Sure, Illinois was supposed to win its first two games: Kent State and Western Illinois are not high-quality opponents. But even the harshest Illinois football skeptic has to be impressed by the manner in which the Illini have won their first two games.
Most significantly, we have to start to consider that the Illini might be a good defensive team and (shudder) that Tim Banks is not an incompetent coordinator. Western Illinois was held to just 43 yards passing and 102 yards rushing, which netted them only 5 first downs. Usual suspect, Mason Monheim, led the defense with 7 tackles, and tied with him was walk-on Clayton Fejedelem, which seems a lot like an ringing endorsement of Banks' ability to develop quality players.
Though this requires a small sample size warning, after two games Illinois's defense is 4th nationally in yards per game allowed, tied for first in points allowed, 6th in tackles for loss, and 3rd in interceptions. Regardless the number of games, these are numbers Illinois can be proud of and they give hope that maybe the team is still on an upward trajectory.
Illinois's offense was good on Saturday as well — at least half of it was. Through the air, the Illini looked as dangerous as any team. Wes Lunt had another solid game, passing for 316 yards and 1 touchdown. Geronimo Allison was also impressive, catching 8 balls for 124 yards. In the slot, sophomore Marchie Murdock seems to have taken over the role Mike Dudek vacated when he got injured. Murdock caught the one aerial touchdown and finished the game with 51 receiving yards.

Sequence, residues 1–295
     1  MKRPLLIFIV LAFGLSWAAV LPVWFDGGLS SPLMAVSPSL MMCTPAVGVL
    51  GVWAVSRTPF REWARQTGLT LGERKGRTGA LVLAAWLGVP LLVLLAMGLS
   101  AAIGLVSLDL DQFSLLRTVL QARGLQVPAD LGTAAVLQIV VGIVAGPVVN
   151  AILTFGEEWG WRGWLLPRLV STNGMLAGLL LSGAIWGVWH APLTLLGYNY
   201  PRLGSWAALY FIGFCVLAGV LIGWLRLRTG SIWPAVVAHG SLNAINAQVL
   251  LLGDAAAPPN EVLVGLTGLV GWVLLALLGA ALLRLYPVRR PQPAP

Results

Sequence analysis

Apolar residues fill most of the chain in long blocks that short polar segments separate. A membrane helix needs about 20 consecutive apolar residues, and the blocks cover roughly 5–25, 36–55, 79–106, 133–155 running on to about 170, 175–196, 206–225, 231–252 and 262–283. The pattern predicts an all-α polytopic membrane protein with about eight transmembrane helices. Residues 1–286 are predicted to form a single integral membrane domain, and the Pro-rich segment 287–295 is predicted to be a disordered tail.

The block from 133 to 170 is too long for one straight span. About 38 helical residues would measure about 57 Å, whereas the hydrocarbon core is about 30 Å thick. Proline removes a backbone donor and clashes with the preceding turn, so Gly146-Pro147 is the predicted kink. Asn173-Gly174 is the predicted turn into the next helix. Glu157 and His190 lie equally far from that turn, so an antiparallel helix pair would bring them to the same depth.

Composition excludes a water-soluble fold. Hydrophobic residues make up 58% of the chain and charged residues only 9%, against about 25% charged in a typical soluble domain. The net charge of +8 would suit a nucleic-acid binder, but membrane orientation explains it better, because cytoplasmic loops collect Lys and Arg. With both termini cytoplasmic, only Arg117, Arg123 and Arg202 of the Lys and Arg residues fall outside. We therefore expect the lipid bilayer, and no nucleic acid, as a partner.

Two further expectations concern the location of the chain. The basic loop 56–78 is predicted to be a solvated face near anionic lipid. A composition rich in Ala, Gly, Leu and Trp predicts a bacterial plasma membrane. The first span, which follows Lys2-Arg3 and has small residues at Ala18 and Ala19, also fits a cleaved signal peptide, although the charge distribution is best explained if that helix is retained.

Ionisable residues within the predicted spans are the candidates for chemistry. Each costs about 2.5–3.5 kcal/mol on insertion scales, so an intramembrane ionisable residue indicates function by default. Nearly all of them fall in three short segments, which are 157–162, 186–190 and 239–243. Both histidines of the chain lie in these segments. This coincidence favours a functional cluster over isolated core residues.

An area of concern, however, was the run game. Against an FCS opponent, Illinois should have done better than 147 total rushing yards. Likewise, senior running back Josh Ferguson should have done better than 42 yards total and a long of just 10. Freshman KeShawn Vaughn took over the top spot among running backs with 53 yards, but even that is hard to really praise. If Illinois's run game continues to be so toothless, better defenses will have little problem limiting the offense's productivity.
But after starting 2-0, those gripes feel petty. Illinois has looked good, and after the embarassment of Tim Beckman's firing a week before the first game, that's all fans could ask for. Interim coach Bill Cubit has gone a little bit beyond, however, he's brought back good vibes among Illini fans and even people who know a little more:
Maybe, just maybe, those good vibes are here to stay.
Photos courtesy of Travis McDade.